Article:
Iceland is renowned as a ‘green’ country in many ways, yet it certainly does have its dark sides in terms of environmental impact. The nation’s highly consumerist ways leave an astoundingly large environmental footprint. The country does extremely well in terms of geothermal power usage but import and export out of the country, unfortunately, leaves an enormous carbon footprint. In fact, Iceland is one of the ‘leading’ countries in terms of the release of greenhouse gases, as it releases the fourth highes amount of greenhouse gases out of all countries in the world. It is not all doom and gloom, however, as Icelanders have increasingly recycled in the last couple of years as well as the government cutting back on the use of landfills to handle municipal waste.
Jukka Heinonen, a professor of environmental engineering at the University of Iceland, warned of the environmental impacts of the high levels of consumption in the country in a recent study. In the report, he warns of the global effects daily consumption in Iceland has. “Iceland is a rich country where the emphasis is on consumption. Everything is imported and it has been revealed that Icelanders have an enormous impact on the globe with their consumption habits. The country releases a lot of greenhouse gases in comparison with other countries in the world”. Iceland has the fourth highest release of greenhouse gases as it comes in behind countries such as Luxembourg, the United States of America, and Singapore. Jukka preaches the support of domestic manufacturing of goods as it is the most sure-fire way to decrease the release of greenhouse gases.
A recent study performed by the Environment Agency of Iceland revealed that Icelanders waste a large amount of food each year. The numbers for the year 2016 were quite staggering as every resident in the country throws away 23 kilograms of food that is fit for consumption. Furthermore, each person throws away 39 kilograms of spoiled food, 22 kilograms of cooking oil and fat, and 199 kilograms of drinks. These numbers rank quite similar to studies performed in other European countries, yet Icelanders throw away drinks in large magnitudes. Our European counterparts throw away 15 kilograms per year on average which seems a pittance in comparison the staggering amount of 199 kilograms Icelanders throw out. Restaurants in Iceland throw out 40 thousand tons of food per year. Residents have called for a revision of the legislature surrounding food waste, as some say there should be a total ban on the practice.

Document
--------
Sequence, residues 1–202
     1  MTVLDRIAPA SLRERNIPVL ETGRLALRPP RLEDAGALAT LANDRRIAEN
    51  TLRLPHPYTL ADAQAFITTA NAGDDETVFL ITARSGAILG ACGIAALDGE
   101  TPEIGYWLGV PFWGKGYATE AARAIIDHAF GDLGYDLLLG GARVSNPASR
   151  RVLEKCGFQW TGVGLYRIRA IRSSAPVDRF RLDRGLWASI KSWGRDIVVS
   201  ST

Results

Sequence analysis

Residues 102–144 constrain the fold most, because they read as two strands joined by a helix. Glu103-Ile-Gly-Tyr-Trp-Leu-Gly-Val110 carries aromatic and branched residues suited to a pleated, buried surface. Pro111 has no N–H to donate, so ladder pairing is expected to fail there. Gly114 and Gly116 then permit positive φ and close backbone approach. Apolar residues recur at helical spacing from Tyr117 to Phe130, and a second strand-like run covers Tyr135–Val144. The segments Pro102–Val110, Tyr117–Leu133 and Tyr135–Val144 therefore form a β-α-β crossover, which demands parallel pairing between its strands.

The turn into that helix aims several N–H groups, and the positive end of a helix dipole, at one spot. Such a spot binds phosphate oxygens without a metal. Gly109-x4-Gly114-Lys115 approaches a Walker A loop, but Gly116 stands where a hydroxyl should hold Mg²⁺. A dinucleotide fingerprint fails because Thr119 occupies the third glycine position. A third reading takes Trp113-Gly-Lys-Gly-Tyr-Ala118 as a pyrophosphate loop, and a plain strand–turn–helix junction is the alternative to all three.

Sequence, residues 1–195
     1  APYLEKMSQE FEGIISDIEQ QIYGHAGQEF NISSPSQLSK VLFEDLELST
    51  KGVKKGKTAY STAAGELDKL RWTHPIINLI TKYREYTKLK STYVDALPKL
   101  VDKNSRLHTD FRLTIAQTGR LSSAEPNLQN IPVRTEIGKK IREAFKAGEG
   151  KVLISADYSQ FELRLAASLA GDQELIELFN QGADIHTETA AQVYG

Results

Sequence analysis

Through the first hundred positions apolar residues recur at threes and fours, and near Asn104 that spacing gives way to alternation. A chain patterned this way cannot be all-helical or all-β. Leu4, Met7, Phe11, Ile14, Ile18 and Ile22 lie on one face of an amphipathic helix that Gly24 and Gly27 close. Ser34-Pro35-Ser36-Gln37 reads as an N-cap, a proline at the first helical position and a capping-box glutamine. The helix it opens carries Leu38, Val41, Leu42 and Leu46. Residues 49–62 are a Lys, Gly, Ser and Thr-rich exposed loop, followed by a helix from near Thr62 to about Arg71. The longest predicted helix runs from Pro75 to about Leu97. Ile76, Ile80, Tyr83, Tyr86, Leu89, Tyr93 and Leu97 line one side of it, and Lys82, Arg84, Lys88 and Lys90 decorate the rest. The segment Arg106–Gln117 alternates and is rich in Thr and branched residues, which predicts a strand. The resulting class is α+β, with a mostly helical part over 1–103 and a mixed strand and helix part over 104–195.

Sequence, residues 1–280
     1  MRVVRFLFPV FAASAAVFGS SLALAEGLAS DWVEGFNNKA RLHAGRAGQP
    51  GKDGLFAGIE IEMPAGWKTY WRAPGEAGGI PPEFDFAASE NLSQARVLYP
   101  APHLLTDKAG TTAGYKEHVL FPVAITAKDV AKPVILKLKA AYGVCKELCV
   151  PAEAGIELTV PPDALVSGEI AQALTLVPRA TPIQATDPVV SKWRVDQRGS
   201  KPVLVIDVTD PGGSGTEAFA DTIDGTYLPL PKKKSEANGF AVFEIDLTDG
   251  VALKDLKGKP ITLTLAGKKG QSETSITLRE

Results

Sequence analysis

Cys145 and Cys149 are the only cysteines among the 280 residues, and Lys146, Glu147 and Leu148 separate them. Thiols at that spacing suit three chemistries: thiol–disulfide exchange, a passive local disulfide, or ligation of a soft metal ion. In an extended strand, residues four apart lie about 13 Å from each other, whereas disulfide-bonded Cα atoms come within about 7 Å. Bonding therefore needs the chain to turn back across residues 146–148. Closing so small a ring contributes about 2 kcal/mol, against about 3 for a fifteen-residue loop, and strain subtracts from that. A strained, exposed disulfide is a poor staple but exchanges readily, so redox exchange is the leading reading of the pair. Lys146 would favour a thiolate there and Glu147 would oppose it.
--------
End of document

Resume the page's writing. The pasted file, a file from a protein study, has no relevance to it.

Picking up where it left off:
Icelanders have taken recycling more seriously in recent years as the nation is clearly lagging behind other nations in this matter. Waste is unsorted in many areas in the country but special sorting bins have popped up in larger numbers recently. There are 74 municipalities in the country and each one is responsible for their own waste disposal. The Icelandic Audit office pointed out in 2016 that there was no monitoring of their performance in waste management. The bad news for recycling enthusiasts, and those looking to diminish their carbon footprint, is that paper and plastics are shipped out of the country for recycling. Paper, both corrugated or mixed, is shipped to Holland where it is sorted further and then even shipped on to other destinations for recycling. Plastics are likewise transported to Sweden where they are sorted and then shipped on to further destinations. Metals are sorted here in the country and then shipped out for recycling as well. Glass is at this point in time put into landfills as it is considered too cheap to warrant shipping abroad. Constructing recycling facilities in the country has been mentioned as a prospect to reduce the environmental impact of the nation.
Iceland has improved in some facets of waste management as positive strides have been made in terms of recycling as well as the decrease of landfills. Recycling and composting have increased from 13% to 61% between the years of 1995 to 2008. It is quite the jump in such a short amount of time as Icelanders have increasingly taken the matter of recycling seriously. Landfills have historically been the main way to treat waste in the country but the use of landfills decreased drastically in the last 13 years as landfill usage decreased from 80% to 36% in between 1995 and 2008.
The Icelandic populace has increasingly called out for improved handling of waste and that the nation leaves a smaller environmental footprint. Initiatives such as Plastlaus September (Plastic-Less September) have started as well matters of the environment and recycling being researched more in the last decade or so. The average total waste generation has been increasing steeply in recent times as there was a 49% increase in between the years of 1995 to 2007 (from 390,000 tonnes to 580,000). Another steep increase happened in between 2007 and 2008 as the country went from a waste of 580,000 to 720,000 tonnes. It is clear that there are pressing waste management issues to look at for the near future in Iceland.